Usability testing and its two evil brothers
Recently I’ve been thinking a lot about how we use usability in the design process or more specifically, our impetus for doing usability. When most people think of usability testing, they think of a user sitting in front of an application, talking about what they think about the application…and in some ways that’s pretty much it. However it’s the objective of the test which is the driving force behind whether or not you will get useful and honest data from the user. What do I mean by useful? It’s information about the application which is validated or uncovered by getting a user’s feedback. Such as running a usability test on a new UI of an application to see how it stacks up against the old version. And by honest I mean credible data that has come unfettered from the user rather than a conclusion they are led to. This article will go through what I believe are the three driving reasons for doing usability testing and why one is good and the other two are less than admirable.
Testing to validate and fine-tune
This is what usability testing should be: testing a design to either validate that it is or isn’t on the right track or testing the design to see what needs to be clarified or iterated on. This is where usability is the most useful and helpful. Nearly all kinds of usability tests are looking for something along these lines; looking for gaps between a design and a user’s expectations/goals or confirmation that they are on the right track.
Proving to non-believers
This is the first of the two evil brothers of usability testing. Proving to non-believers might be my least favorite thing to witness and resembles more an exercise in a designer’s sanity than anything else. What I’m talking about is using usability to prove internally that a designer knows what they are doing. The best example of this is using usability to decide whether or not to use an industry standard vs. the deprecated industry standard that the application currently uses. Problem is, there’s nothing to test. It’s a waste of time to go through the motions of setting up a usability test to find out that a round wheel rolls better than a square one. It’s ok to test multiple competing designs and compare them, as long as the designs have some level of equivalence by representing pros and cons of each other. But if you don’t trust your designer’s judgment to make baseline calls in their designs you have much bigger problems than usability is going to solve.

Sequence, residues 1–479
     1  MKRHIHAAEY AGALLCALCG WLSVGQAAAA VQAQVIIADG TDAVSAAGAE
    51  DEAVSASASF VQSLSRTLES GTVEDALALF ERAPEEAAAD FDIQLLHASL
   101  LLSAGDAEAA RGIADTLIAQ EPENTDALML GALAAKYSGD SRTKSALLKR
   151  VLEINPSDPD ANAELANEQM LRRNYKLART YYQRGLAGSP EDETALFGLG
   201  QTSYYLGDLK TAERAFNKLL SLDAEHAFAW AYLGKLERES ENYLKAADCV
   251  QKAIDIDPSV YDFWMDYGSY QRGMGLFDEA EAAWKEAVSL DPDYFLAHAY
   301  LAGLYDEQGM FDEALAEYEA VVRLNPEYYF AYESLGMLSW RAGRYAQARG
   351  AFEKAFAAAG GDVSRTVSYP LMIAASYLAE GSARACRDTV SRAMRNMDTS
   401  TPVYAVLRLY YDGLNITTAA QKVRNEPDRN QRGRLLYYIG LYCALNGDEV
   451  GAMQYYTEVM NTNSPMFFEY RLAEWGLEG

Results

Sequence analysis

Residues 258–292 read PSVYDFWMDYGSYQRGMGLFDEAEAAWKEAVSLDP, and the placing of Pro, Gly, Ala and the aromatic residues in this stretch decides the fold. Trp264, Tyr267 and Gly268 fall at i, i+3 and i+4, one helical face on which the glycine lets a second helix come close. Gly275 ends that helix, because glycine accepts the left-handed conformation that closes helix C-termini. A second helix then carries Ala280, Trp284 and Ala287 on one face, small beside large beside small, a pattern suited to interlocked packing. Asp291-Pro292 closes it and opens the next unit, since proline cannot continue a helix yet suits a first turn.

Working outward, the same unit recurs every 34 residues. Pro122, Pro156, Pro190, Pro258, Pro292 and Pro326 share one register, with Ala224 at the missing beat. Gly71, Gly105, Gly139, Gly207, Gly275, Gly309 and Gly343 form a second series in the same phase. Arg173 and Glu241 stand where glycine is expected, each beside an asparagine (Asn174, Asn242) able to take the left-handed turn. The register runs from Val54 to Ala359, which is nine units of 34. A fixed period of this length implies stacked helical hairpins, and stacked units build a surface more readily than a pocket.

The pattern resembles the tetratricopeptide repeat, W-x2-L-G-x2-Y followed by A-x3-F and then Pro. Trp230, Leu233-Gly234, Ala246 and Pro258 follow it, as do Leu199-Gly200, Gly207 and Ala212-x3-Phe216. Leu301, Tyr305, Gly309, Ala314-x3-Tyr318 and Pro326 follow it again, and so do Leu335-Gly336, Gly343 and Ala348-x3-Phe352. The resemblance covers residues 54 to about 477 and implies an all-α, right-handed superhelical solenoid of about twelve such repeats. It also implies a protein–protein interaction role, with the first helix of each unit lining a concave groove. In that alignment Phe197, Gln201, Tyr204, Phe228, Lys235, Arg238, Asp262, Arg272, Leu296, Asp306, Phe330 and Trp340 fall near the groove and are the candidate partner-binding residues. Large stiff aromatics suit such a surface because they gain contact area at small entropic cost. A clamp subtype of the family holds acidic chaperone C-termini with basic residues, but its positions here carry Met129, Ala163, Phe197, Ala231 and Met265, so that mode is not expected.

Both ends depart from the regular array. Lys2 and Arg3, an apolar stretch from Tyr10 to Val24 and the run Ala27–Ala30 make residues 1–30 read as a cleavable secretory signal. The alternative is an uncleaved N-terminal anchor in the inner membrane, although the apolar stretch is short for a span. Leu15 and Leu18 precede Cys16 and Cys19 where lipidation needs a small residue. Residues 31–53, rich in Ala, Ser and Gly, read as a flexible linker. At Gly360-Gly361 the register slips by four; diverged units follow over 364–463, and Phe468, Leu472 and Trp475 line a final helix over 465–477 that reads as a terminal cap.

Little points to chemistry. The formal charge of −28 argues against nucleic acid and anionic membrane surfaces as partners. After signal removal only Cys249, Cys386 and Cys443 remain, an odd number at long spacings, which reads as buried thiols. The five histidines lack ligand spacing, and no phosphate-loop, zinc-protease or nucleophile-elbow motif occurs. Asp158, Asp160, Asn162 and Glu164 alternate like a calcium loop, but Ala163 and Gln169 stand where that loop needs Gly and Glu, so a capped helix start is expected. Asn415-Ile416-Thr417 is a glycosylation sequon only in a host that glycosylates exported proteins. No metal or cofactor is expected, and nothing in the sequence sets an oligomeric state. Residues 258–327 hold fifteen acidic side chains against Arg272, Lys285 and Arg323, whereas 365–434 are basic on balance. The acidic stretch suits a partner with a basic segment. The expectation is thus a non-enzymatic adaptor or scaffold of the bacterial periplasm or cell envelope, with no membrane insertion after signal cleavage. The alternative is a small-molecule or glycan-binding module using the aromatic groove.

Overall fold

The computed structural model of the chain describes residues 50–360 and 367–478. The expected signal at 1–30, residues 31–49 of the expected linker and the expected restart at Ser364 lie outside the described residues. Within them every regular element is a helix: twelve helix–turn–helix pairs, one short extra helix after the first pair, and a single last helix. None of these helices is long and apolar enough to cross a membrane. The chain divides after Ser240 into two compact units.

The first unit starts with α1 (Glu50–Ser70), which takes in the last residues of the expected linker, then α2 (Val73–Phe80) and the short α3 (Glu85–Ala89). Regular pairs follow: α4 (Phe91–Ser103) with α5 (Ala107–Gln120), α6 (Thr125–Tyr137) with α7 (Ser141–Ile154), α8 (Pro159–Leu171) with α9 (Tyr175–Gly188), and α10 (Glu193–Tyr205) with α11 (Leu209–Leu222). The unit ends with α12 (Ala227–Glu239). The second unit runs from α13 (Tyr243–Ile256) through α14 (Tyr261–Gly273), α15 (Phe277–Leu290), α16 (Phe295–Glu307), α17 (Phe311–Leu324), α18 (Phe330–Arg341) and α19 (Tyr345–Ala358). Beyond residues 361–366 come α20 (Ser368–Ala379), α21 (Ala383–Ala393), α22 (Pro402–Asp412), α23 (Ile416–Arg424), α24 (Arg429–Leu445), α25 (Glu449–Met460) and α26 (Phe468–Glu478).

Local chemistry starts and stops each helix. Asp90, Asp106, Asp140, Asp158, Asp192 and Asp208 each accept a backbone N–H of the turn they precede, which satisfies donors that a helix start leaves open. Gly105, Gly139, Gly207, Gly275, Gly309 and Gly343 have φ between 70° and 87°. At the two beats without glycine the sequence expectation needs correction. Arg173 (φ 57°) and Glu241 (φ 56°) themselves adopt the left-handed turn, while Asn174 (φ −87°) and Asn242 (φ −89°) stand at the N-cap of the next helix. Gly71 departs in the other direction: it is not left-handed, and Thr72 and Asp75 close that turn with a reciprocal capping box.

Getting the answers you want to hear
The second evil brother is the worst of the two because it means the usability test has been structured to lead the user’s answer to a desired result. This usually occurs for two reasons 1) resources don’t want to be spent to solve the issues with the current application 2) design doesn’t want to iterate any further. Rather than admitting this, usability testing is used to prove that the current state of the application is “fine” and needs no further work.
But wait, how can you lead a user to say something? Nothing is keeping them from telling the truth, right?
Let’s say there is an application that has a feature in it you want to “test”, let’s call it feature A. Feature A is used for data entry and is touted for being flexible and customizable. In reality users have repeatedly complained it is extremely difficult to configure and has a disjointed work flow.
- To start, prep the usability test so the difficult parts of feature A are partially configured ahead of time, leaving the most obvious part for the user to do during the test.
- Secondly, write the script so it walks the user explicitly through the data entry process, making the flow seem obvious.
- Next, point out the handful of data from overly honest users as outliers.
- And Presto! The user feedback comes back, unsurprisingly, positive for feature A.
Now I don’t believe that most usability tests are rooted in skepticism, blatantly dishonest or are trying to create inflated, self-serving data; the evil brother examples are fairly extreme. The important part to keep in mind is making sure your usability tests aren’t structured to cut a few corners so you have a slight advantage. Do minimal directive scripting by keeping the task description fairly general. Keep the objective of your tests clear and do your best to replicate a state in the application which reflects a real world scenario; the data will be more accurate from a practicality standpoint and will seem more familiar to your user.